Category Archives: C. D. Broad

C. D. Broad

My impression is that there was for Wittgenstein little or no region intermediate between a state of high and-concentrated seriousness and rather simple and sometimes almost crudely ‘low-brow’ interludes. I suspect that this, rather than the alleged ‘artificiality’ of the conversation at the High Table of Trinity, made the latter so distasteful to Wittgenstein. That conversation is the talk of men, all fairly eminent in their respective subjects, relaxing after a fairly tiring day’s work. It presupposes common traditions, going back to undergraduate days, and habitual ‘family’ jokes and allusions, and it moves in a sphere equally remote from high seriousness and from horseplay. A major prophet may be an excellent fellow, but he will hardly make an excellent Fellow. And, to pass from the general to the particular, one for whom philosophy is a way of life will find it difficult to associate on easy terms with those (like myself) for whom it is primarily a means of livelihood.

C. D. Broad, Review of Norman Malcolm, Ludwig Wittgenstein: A Memoir, Universities Quarterly, vol. 13, no. 3 (May, 1959), p. 306

C. D. Broad

I will now say something of what happened to me from and including my 80th birthday up to the end of 1968. I will begin with my 80th birthday.

December 30th., 1967 naturally began with showers of congratulatory letters and telegrams, and with some gifts. Among these, I will single out for mention a telegram from Bertrand Russell, a card of good wishes from the Kitchen Staff, and the gift of a beautiful silver penknife from Dr Husband.

At 4.20 pm, Bradfield fetched me in his car to his home, where I had tea with him and his wife and his son (“The Nord’). There was a superb cake with 80 candles, all of which I managed to blow out with one breath. (The practice of emitting hot air, of which philosophy so largely consists, had no doubt been a good training for me.)

C. D. Broad, ‘Autobiographical Notes’, in Joel Walmsley (ed.) Broad’s Unpublished Writings, London, 2022, pp. 82–83

C. D. Broad

[D]id Bacon provide any logical justification for the principles and methods which he elicited and which scientists assume and use? He did not, and he never saw that it was necessary to do so. There is a skeleton in the cupboard of Inductive Logic, which Bacon never suspected and Hume first exposed to view. Kant conducted the most elaborate funeral in history, and called Heaven and Earth and the Noumena under the Earth to witness that the skeleton was finally disposed of. But, when the dust of the funeral procession had subsided and the last strains of the Transcendental Organ had died away, the coffin was found to be empty and the skeleton in its old place. Mill discretely closed the door of the cupboard, and with infinite tact turned the conversation into mote cheerful channels. Mr Johnson and Mr Keynes may fairly be said to have reduced the skeleton to the dimensions of a mere skull. But that obstinate caput mortuum still awaits the undertaker who will give it Christian burial. May we venture to hope that when Bacon’s next centenary is celebrated the great work which he set going will be completed; and that Inductive Reasoning, which has long been the glory of Science, will have ceased to be the scandal of Philosophy?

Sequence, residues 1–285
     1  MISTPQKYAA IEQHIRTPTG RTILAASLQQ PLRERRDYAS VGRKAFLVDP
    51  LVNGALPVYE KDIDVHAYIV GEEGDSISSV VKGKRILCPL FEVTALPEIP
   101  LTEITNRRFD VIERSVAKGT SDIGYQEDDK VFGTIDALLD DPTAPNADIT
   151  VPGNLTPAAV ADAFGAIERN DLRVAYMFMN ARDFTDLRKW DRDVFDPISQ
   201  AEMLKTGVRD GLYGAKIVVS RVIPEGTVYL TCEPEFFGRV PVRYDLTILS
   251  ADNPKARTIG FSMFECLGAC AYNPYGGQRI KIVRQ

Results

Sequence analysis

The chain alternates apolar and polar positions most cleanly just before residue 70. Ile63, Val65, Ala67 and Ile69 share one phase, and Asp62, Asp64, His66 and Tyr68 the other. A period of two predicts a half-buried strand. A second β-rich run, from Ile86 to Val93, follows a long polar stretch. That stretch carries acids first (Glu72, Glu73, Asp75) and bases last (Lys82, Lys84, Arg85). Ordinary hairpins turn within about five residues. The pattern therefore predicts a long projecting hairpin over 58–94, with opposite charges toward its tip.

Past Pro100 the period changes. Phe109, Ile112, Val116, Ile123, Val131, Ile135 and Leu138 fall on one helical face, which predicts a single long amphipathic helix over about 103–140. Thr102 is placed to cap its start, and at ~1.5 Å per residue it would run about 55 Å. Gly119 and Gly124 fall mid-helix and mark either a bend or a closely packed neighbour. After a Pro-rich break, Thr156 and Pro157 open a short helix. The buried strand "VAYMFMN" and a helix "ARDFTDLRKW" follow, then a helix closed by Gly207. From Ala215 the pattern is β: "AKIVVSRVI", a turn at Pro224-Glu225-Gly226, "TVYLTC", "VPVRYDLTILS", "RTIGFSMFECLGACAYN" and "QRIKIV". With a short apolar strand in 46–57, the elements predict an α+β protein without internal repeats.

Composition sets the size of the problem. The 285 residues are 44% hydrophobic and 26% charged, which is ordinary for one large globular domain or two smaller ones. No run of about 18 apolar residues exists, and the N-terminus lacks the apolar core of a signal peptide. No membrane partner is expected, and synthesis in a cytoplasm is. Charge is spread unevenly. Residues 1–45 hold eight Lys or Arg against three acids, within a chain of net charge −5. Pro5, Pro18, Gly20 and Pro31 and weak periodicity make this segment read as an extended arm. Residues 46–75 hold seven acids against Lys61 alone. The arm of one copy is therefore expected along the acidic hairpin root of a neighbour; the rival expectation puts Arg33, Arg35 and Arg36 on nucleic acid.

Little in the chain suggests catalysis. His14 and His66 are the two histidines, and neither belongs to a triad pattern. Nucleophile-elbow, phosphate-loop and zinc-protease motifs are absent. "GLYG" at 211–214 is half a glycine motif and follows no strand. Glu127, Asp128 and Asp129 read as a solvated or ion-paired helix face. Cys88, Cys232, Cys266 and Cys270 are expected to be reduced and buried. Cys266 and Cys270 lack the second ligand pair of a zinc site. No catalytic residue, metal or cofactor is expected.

C. D. Broad, The Philosophy of Francis Bacon, an address delivered at Cambridge on the occasion of the Bacon Tercentenary, 5 October 1926, Cambridge, 1926, pp. 66–67

C. D. Broad

Readers who have derived their ideas of Victorian Nonconformity and the middle-class Victorian home mainly from the novels and plays of left-wing writers of some fifty years ago, will be apt to jump to the conclusion that life in my grand-parents’ house was a drab and stuffy existence, punctuated by religious exercises, to which resentful and hypocritical children were driven by fanatical and gloomy parents. They had better dismiss that romantic rubbish from their minds at once.

C. D. Broad, ‘Autobiography’, in Paul A. Schilpp (ed.), The Philosophy of C. D. Broad, New York,1959, p. 10

C. D. Broad

This gigantic tome (it is of about the same size as a volume of the Encyclopædia Britannica in the ordinary edition) contains Boseovich’s chief work in Latin with an English translation on the opposite pages. The text is that of the Venetian edition of 1703, the translation has been made by Mr. J. M. Child. Dr. Branislav Petronievie of the University of Belgrade provides a short life of Boscovich and Mr. Child writes an introduction in which he states and explains the main outlines of Boscovich’s theory of nature.

The expenses of publication have been partly met by the government of the new kingdom of Serbs, Croats, and Slovenes. So far as I am aware, this is the only instance on record in which one of the succession states of the late Austrian empire has done anything which can be counted to its credit. It is a little pathetic that patriotic Jugo-Slavs should have had to take Boscovich as their leading representative in Science, for it is admitted that he left his native land as a boy and only returned to it once for a few months. He is said to have been acquainted with the Serbo-Croatian tongue, but he had the good sense to write nothing whatever in it. M. Petronievie makes the best of a bad job by saying that, ‘although Boscovich had studied in Italy and passed the greater part of his life there, he had never penetrated to the spirit of the language’. We may, perhaps, conclude that the Serbo-Croatian genius has not blossomed very freely in science when such a very indirect representative has had to be chosen for the purpose of patriotic ‘boosting’.